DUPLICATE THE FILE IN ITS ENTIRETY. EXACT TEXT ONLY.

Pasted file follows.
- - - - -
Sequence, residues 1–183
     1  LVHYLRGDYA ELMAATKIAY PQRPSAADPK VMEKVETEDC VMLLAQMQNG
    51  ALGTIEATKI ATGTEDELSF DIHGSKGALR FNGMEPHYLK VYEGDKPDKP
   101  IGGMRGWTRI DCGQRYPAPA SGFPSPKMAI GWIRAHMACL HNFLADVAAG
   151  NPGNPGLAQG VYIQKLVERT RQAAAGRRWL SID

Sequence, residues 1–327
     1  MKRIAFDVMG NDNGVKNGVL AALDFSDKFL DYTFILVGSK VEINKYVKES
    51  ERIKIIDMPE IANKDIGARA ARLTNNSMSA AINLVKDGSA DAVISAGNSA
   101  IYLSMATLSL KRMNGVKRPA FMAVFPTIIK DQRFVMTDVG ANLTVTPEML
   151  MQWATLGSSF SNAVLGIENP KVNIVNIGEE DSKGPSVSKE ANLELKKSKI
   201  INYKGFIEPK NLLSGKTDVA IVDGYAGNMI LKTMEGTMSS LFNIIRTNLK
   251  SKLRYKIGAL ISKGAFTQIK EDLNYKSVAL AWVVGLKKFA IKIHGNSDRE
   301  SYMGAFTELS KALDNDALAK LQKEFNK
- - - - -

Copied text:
Sequence, residues 1–183
     1  LVHYLRGDYA ELMAATKIAY PQRPSAADPK VMEKVETEDC VMLLAQMQNG
    51  ALGTIEATKI ATGTEDELSF DIHGSKGALR FNGMEPHYLK VYEGDKPDKP
   101  IGGMRGWTRI DCGQRYPAPA SGFPSPKMAI GWIRAHMACL HNFLADVAAG
   151  NPGNPGLAQG VYIQKLVERT RQAAAGRRWL SID

Sequence, residues 1–327
     1  MKRIAFDVMG NDNGVKNGVL AALDFSDKFL DYTFILVGSK VEINKYVKES
    51  ERIKIIDMPE IANKDIGARA ARLTNNSMSA AINLVKDGSA DAVISAGNSA
   101  IYLSMATLSL KRMNGVKRPA FMAVFPTIIK DQRFVMTDVG ANLTVTPEML
   151  MQWATLGSSF SNAVLGIENP KVNIVNIGEE DSKGPSVSKE ANLELKKSKI
   201  INYKGFIEPK NLLSGKTDVA IVDGYAGNMI LKTMEGTMSS LFNIIRTNLK
   251  SKLRYKIGAL ISKGAFTQIK EDLNYKSVAL AWVVGLKKFA IKIHGNSDRE
   301  SYMGAFTELS KALDNDALAK LQKEFNK